The environment is a key policy area that distinguishes Trump from the Democrats, especially national parks, treatment of chemicals and the all-important fabricated climate change crisis.  There are major economic interests involved in this issue – the renewable agenda that is the corollary of climate change is dependent on government regulations and subsidies which Trump, as revealed in his leaving the Paris Accord, was intent on eradicating. But every such subsidy that benefits some business is at the expense of users and the most vociferous opponents of overturning the Obama position on climate change were the high-tech businesses that (excluding Elon Musk) have much to lose from the resultant higher power prices.   

Assuredly, much of the business courting of the left is down to wokegeld.  Firms are vulnerable to attacks from consumers and shareholder activist groups which can depress sales, reduce share prices and make recruitment more difficult.  As a result, PR, grants to fashionable causes and shareholder relations have become elevated in importance and take much of CEOs’ time.    

But there is something far deeper at play.  The most valuable American firms are in the technology and communications sectors and, aNiall Ferguson writes, the network platforms long ago abandoned any pretence of being neutral. Even before Charlottesville, their senior executives and many of their employees had made it clear that they were appalled by Trump’s election victory. When the New York Post broke the story of Biden’s son Hunter’s dubious business dealings in China, Twitter and Facebook immediately prevented users from posting links to the article — something they had never done with stories damaging to Trump.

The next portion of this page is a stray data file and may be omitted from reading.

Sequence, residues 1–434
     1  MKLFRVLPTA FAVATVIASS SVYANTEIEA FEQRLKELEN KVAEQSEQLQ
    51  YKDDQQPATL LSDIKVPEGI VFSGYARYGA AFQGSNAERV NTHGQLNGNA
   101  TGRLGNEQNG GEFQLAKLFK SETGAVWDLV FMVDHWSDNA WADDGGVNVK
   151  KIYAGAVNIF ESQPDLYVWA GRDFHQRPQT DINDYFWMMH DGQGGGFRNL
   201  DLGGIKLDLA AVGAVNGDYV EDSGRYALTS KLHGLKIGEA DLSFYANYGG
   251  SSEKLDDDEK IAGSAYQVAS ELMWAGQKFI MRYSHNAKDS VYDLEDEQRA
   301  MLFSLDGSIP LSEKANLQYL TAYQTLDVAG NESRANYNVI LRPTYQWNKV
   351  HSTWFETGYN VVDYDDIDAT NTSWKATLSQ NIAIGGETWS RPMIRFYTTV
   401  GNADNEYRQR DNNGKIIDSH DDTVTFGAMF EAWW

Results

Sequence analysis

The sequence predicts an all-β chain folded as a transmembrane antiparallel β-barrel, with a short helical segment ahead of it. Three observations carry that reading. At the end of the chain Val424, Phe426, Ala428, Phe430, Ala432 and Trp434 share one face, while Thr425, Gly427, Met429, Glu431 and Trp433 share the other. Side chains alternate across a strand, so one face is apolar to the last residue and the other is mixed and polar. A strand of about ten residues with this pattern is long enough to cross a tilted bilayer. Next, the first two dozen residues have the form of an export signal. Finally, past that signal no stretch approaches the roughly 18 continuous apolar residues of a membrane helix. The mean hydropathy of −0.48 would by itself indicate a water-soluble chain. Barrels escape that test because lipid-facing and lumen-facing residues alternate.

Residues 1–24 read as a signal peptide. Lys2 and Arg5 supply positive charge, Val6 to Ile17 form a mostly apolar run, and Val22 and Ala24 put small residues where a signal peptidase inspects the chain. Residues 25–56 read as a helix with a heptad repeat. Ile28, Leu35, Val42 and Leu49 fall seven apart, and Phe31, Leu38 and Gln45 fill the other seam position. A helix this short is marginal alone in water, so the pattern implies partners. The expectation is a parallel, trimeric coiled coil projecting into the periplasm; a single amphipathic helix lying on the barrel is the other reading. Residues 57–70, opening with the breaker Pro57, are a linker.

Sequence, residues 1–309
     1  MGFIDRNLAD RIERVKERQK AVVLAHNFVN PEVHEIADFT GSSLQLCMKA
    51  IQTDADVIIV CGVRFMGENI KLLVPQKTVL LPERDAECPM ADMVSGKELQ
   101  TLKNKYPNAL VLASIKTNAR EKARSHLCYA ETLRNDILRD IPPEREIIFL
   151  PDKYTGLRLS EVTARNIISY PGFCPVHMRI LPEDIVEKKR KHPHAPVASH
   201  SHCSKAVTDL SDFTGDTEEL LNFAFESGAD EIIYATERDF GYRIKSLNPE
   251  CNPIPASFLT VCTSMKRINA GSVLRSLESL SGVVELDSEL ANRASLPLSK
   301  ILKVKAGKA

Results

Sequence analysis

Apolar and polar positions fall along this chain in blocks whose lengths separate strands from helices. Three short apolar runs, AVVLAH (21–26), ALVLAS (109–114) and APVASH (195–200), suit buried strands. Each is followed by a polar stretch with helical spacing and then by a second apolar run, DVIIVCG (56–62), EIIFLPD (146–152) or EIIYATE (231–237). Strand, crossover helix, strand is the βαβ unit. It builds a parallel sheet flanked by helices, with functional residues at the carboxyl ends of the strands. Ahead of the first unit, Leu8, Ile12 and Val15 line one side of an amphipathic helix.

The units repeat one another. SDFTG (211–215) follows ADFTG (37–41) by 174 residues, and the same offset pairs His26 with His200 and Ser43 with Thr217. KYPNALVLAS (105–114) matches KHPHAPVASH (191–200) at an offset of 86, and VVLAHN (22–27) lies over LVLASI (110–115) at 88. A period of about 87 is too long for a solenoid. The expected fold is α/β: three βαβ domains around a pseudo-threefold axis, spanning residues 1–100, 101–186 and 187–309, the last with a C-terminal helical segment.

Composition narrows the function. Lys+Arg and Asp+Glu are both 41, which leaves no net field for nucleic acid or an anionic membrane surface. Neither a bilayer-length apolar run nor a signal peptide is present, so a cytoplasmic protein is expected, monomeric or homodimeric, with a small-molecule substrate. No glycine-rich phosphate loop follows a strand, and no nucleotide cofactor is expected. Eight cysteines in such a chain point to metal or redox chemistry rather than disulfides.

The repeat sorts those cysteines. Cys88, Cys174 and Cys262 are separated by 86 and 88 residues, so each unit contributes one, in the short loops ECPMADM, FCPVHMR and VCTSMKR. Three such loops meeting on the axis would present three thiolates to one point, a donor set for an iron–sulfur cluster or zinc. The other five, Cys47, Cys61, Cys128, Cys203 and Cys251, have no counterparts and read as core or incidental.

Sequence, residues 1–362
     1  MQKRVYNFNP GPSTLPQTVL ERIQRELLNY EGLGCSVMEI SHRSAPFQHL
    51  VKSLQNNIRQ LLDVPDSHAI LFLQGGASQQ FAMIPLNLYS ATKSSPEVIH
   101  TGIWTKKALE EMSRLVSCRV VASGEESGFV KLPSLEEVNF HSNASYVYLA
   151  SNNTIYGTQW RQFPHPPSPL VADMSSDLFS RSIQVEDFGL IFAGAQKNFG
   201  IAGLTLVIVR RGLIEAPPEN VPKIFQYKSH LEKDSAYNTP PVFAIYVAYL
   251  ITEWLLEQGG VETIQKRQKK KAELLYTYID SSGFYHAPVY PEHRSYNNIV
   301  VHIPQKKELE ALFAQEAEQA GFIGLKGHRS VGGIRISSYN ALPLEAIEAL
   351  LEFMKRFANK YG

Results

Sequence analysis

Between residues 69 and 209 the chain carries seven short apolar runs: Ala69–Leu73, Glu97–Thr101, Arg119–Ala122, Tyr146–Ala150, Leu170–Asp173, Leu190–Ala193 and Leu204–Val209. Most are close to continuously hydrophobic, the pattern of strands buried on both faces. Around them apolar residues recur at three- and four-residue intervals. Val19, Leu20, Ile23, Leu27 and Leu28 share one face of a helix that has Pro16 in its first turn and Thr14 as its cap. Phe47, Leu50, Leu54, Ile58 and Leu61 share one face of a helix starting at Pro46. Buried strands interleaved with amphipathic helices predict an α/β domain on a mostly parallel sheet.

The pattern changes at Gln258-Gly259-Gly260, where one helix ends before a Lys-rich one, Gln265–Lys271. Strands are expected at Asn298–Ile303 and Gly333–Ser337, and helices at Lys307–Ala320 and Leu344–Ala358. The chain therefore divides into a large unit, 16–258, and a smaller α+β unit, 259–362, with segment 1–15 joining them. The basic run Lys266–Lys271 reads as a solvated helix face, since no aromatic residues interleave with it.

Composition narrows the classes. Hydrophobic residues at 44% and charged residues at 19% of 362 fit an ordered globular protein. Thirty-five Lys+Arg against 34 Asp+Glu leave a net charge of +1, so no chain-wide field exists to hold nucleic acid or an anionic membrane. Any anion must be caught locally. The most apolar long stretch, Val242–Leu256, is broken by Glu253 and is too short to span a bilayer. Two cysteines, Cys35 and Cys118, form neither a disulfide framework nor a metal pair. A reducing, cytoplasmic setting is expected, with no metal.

The policy preferences of major firms and their employees cannot be attributed to their economic interests in the way that regulatory measures have often been assessed.  The people, senior and junior, in the semi-collectives that comprise the major tech companies and the thousands of companies that play important roles as subcontractors see themselves as something akin to previous revolutionaries’ self-depiction as the vanguard who would form the righteous dictatorship canaling the unconscious and sometimes not fully formed wishes of the common people.   

The phenomenal success in this cohort’s rise to dominance in business (Apple, Amazon, Facebook and Twitter were relatively small 20 years ago) has led their leadership and other employees to claim the “master of the universe” title.  And they are now exercising greater power than any politician outside of totalitarian states has ever controlled.   

Having overturned the Trump Presidency, they are seeking to prevent such raw anti-establishment power ever arising again.  With the Biden Presidency they have reached first base.  But that victory carries the seeds of their ultimate defeat. The horror at what has occurred among politicians globally will bring about countermoves.   

Such moves will be accelerated in the US with an economy undermined by a Biden Administration that is unencumbered by moderate voices or a Republican Senate.  Biden has already signalled an increase in the top income tax rate from 37 per cent to 39.6 per cent and the corporate tax rate from 21 per cent to 28 per cent. He plans to increase the $7.25 an hour minimum wage to $15. Such measures and his opposition to fracking and introduction of more subsidies to renewables will, after a rebound from COVID 19, bring an economic downturn and bringing a loss of the Democrat Senate and House of Representatives majorities in 2022 and measures to curtail the power of the tech oligarchy. In the interim, considerable turmoil is certain.